As projects get bigger in size and complexity, it’s important to implement a Project Business structure that improves the chances of success of those projects. Continuing to operate in a siloed environment results in poor collaboration and low productivity. Ultimately, projects are delivered late and over budget due to this lack of structure and control.
As mentioned in a previous blog, when you recognize that the bulk of what you do is projects and that makes you a Project Business, you are able to develop a new way of thinking and the ability to recognize new solutions to problems that have plagued your industry for years.
This is the fourth blog of a seven-part blog series (see the third blog here) that discusses why productivity in Project Business has flatlined by addressing the seven challenges of a Project Business.
Challenge #4: Lack of Project Business Governance and a Standardized System
Project Businesses operate in a very fragmented application landscape. Commonly, they adopt a wide variety of tools and solutions to manage their business needs. This can include systems and apps for project accounting, scheduling, estimation, time and expense, and most of all spreadsheets. To manage an entire project life cycle, Project Businesses attempt to operate within this complex set of tools. Of course, simply managing data and processes among these apps is difficult, but more importantly, it is an environment that is extremely hard to control and standardize.
As a result, companies end up with a complete lack of Project Business governance – a standardized approach to the management of processes and data in project-based companies.
“If you have workloads that take place in Excel, it’s very difficult to enforce governance,” said Henrik Lerkenfeld, VP of Engineering at Adeaca. “It’s difficult to say, ‘This is how we get from A to B.’”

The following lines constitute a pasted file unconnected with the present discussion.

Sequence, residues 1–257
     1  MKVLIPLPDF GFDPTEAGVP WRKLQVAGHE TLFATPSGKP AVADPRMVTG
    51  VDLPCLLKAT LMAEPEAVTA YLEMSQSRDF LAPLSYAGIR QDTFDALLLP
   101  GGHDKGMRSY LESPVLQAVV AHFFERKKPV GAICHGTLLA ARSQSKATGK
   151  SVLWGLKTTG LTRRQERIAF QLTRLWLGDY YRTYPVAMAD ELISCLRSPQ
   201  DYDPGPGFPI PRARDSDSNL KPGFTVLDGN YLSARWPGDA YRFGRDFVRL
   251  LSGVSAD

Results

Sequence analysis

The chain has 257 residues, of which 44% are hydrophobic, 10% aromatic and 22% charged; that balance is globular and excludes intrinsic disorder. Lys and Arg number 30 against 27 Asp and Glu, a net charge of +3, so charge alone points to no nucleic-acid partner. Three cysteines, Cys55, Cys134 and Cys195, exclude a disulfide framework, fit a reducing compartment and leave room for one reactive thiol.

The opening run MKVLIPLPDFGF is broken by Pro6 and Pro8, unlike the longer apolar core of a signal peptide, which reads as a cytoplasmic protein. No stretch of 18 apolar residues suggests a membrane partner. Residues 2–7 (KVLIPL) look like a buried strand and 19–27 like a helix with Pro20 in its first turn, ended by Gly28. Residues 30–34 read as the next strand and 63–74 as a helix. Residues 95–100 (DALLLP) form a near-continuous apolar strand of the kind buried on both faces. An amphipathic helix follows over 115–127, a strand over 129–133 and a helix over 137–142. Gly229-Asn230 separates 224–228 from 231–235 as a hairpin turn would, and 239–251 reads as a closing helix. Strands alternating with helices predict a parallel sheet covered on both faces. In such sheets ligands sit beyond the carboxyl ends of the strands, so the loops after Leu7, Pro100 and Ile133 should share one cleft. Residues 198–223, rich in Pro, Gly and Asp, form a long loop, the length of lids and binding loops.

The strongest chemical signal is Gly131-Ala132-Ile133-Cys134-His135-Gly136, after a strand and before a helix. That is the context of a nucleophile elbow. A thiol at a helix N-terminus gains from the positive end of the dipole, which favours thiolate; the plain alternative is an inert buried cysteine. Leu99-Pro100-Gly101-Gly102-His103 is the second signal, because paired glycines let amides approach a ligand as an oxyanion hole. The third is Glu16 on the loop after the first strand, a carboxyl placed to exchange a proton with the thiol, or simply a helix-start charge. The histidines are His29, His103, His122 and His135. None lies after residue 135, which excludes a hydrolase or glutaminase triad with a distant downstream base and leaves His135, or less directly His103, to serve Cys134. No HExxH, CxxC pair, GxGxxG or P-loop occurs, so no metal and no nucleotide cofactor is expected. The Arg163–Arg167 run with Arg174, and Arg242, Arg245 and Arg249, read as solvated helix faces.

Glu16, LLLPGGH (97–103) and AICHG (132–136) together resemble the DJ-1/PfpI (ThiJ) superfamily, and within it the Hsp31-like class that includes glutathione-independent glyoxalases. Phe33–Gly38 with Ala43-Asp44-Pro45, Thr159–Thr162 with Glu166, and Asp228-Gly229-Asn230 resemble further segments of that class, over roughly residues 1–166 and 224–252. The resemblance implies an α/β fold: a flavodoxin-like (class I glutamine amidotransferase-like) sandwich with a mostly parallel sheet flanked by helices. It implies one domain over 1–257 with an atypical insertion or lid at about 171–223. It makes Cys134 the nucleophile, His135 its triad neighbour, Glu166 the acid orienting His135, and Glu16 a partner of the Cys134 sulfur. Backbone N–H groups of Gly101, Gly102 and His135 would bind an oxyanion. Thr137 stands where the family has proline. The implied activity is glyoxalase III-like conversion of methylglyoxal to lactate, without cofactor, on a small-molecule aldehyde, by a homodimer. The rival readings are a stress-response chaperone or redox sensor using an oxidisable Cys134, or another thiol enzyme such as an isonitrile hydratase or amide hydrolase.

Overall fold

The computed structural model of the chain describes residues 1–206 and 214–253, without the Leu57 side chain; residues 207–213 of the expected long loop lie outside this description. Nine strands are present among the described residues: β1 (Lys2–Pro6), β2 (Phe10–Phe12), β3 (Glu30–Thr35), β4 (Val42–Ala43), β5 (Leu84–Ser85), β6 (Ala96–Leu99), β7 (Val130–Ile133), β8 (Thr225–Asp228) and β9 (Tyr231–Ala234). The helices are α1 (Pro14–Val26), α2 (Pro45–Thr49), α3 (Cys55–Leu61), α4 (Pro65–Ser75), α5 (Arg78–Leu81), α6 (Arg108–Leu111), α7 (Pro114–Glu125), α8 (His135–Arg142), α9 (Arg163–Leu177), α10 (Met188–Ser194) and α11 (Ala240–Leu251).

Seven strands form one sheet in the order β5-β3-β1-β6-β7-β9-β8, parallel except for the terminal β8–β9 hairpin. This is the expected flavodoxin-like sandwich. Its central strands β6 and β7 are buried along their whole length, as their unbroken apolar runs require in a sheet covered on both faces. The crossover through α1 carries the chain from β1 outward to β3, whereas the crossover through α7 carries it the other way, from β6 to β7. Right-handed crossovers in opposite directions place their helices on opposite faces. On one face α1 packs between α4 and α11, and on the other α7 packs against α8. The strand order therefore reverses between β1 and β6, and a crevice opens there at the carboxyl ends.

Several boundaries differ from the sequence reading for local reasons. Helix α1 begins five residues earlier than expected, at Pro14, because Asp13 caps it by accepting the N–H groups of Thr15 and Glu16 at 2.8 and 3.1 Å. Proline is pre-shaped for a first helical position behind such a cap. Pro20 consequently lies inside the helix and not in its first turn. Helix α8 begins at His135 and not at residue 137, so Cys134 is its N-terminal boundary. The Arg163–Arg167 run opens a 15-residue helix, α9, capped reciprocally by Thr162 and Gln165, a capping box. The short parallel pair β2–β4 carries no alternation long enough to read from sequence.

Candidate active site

The number one strength of Excel is flexibility, but “Flexibility is the enemy of governance,” Lerkenfeld says.
This means that not only are you unable to control the process, it also means that it can be very difficult to trust the output. If you don’t understand the process, how can you rely and react to the output of that process?
In addition, instead of having a standardized and governed set of processes, you’re relying on individuals.
“If you have a very good project manager, then the project succeeds,” said Lerkenfeld. “Another project with a less efficient project manager will not yield as good a result.”
Not only are the success of projects reliant on individual people, but in the long run, it makes it difficult for Project Businesses to have scalable business processes.
Project Business Governance is Key to Running Like a Well-Oiled Machine
In traditional industries, processes and data are standardized no matter who is doing the work. While Project Businesses are more complex than traditional industries, that makes it imperative that Project Businesses standardize and structure their processes as much as possible. Not only does it improve the efficacy and efficiency of employees, it produces standard metrics that can be trusted to measure performance. Only with a comprehensive system or Project Business governance can a company truly understand what is going on and make data-driven decisions.
Download the Project Business Automation Blueprint to learn more about creating a comprehensive business system for your Project Business.